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peterfgf

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  1. I tried most of them and found that Anyrail was the best and easy to use. The worst thing about it was that it forced me to recognise that I was never going to get the main line through the Peak District into my attic. It did enable be to build baseboards accurately to size and decide where to put turnouts etc. It could do with some embellishments, like easy formatting of text and colours, but it did all I wanted. Templot is great and will enable you to design professional looking, almost prototypical trackwork.
  2. Most probably a dry bearing. Plastic body shells are very good amplifiers of noise and anything you do to it with it will not attenuate the noise. If you want to reduce the noise that way you have to add lots of mass (think of cast metal body shells or something akin to lead sheets for walls) and block up absolutely every hole around the motor. Far better to reduce the noise at source (i.e. the bearings or maybe the gears). Peterfgf
  3. The 60/40 solder I sue has a melting point range of 183-188deg.C. and I set the iron at 380deg.C. It always a bit of a compromise but this temperature manages to make quick, well melted and effective joints for me. Not a lot of heat goes into the parent material if you are quick about it. Peterfgf
  4. Do get a temperature controlled soldering iron. They are a worthwhile investment. I bought an Atten AT60 from RS Components and I'm very pleased with it (it replaced an el-cheapo from Maplins, which ably demonstrated the proverb "buy cheap, buy twice"). Get small pointed tips for soldering on decoders. Buy a brass wire de-solder station to wipe excess solder off the iron tip (you don't want too much on the tip). Clean up/remove oxidation from the contact pads with a fibre glass pen, tin the pads before soldering the wires to the pads. I use 60%/40% tin/lead solder. It ha
  5. I used some of these track clamps to hold the ends of the rails at the same length. They were also very useful when joining track lengths together. A little expensive but one of the better tools I've bought. One way of avoiding kinks would be to stagger the joints so that there are not two joints at one position. Peterfgf https://www.fohrmann.com/en/track-clamps.html
  6. Incredibly pleased with my 0-4-4T. I splashed out on the factory sound fitted version and it is very good - much better than the efforts of a few years ago. I checked the CVs using Decoder Pro and was surprised to find it set up for 14 speed steps rather than the recommended 128. Strange. The speed table as it comes is also linear. Buxton to Millers Dale push-pull is now a reality! Peterfgf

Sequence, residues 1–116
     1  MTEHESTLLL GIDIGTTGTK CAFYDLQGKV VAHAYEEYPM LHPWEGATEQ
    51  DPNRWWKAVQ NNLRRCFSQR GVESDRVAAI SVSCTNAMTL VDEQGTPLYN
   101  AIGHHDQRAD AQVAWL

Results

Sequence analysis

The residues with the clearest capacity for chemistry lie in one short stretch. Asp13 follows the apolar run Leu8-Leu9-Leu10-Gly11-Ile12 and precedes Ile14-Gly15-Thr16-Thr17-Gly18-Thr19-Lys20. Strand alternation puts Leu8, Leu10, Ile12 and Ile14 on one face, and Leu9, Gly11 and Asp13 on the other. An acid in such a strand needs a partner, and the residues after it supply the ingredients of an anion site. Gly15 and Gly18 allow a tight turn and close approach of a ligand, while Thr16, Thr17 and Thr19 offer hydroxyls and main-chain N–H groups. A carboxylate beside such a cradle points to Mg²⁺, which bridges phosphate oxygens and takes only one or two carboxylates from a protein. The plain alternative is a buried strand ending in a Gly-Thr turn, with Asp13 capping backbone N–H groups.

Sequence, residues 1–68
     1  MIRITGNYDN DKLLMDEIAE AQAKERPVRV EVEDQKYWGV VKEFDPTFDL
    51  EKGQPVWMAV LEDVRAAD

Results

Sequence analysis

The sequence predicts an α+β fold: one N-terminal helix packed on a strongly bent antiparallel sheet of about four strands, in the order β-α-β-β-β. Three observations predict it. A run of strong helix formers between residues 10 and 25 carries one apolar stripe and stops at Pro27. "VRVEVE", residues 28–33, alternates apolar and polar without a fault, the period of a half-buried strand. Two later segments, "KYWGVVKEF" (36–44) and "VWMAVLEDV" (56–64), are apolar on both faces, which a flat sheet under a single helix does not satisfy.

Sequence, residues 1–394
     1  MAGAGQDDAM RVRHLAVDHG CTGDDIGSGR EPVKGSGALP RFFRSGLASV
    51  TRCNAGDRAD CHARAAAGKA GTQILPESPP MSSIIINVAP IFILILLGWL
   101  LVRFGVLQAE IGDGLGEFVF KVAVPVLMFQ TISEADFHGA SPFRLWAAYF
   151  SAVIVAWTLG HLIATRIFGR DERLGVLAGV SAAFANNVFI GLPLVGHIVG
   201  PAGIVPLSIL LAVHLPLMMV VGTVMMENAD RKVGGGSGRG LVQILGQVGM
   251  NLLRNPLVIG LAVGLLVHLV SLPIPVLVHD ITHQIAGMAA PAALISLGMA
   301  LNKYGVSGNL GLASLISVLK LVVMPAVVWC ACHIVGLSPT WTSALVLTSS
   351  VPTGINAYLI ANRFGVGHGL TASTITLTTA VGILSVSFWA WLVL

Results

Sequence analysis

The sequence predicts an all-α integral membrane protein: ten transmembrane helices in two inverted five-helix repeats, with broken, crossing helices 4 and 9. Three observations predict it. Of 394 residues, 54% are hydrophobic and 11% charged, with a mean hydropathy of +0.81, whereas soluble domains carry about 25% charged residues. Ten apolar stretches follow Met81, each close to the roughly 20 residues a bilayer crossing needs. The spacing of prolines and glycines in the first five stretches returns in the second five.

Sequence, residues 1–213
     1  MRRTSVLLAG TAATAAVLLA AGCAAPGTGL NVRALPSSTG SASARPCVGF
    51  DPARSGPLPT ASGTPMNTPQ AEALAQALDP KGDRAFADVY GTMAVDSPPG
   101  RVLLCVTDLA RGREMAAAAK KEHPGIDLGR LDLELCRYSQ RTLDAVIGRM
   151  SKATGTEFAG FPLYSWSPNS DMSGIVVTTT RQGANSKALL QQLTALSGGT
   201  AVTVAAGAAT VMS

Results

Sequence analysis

7. Thanks for the advice. Will back off on the epoxy - I wanted to provide a smoother/continuous rail surface. Peterfgf
  8. I used a Roco starter set to get going in DCC from an Austrian http://www.hobby-sommer.com/. More recently i've used https://www.modellbahnshop-lippe.com/ and had excellent service at very competitive prices (including loyalty bonuses). In the UK you can get Roco Geoline from https://www.conrad.com/o/h0-roco-geoline-track-beds-1606317 but you might find it cheaper to use a German supplier. Geoline is great track- robustly made with good connectors, and, as you say, concealed point motors. It would make great track for inclusion in UK starter train sets (Hornby, Bachmann). I've noticed th
  9. I ended up using Peco Code 75 flat bottom plastic joiners. The gap between the rails ends is a bit big though and I'm thinking of filling the gap with epoxy or similar. I tried the Tillig plastic joiners which are small and neat but they are for FB and the BH is just too broad to fit in comfortably. I bought some of the Ambis fishplates (they deserve the name fishplate rather than joiner), Superb but very small and fragile. I didn't use them in the end but they are probably the way to go if you are modelling fine-scale and want something realistic. Peterfgf
  10. I've just connected two GM Autofrogs to a Peco Code 75 long diamond crossing. They work perfectly without any hesitation and solved what I thought was going to be a bit of a problem - wiring up a simple two-road junction. I'm very pleased. Peterfgf
  11. I called TMC last week to change my order and had a nice chat with the chap on the other end. He confirmed that the expected delivery date is July 2022. Peterfgf
  12. Just a thought: with a bit of care it is possible to convert electrofrog turnouts to unifrogs. The unifrogs do help a lot with running even without switching the frog (which I've done anyhow).
  13. Totally agree. There are often two, three, four, or more contributions, each of which on their own wouldn't have been a problem, but taken together cause a failure or accident. It's the small and seemingly innocuous things, which added together, give rise to problems. I'm more at home with marine engineering failures and investigations, but I doubt it is much different on railways. If sods law doesn't work then Murphy's law will work. You really have to be vigilant about the small details. Peterfgf
  14. There are a few other things that can contribute to derailment, for example, poor and different spring rates. The Severn Valley Railway managed to derail a tender this way: https://www.gov.uk/raib-reports/derailment-on-severn-valley-railway Poor load distribution has led to a few container trains being derailed in a few cases (but I wouldn't have thought so here): https://www.gov.uk/raib-reports/freight-train-derailment-at-reading-west-junction Poor wheel flange profile is another but can't find any reports.
  15. I used these: https://smile.amazon.co.uk/gp/product/B01FI7I4F2/ref=ppx_yo_dt_b_search_asin_title?ie=UTF8&psc=1
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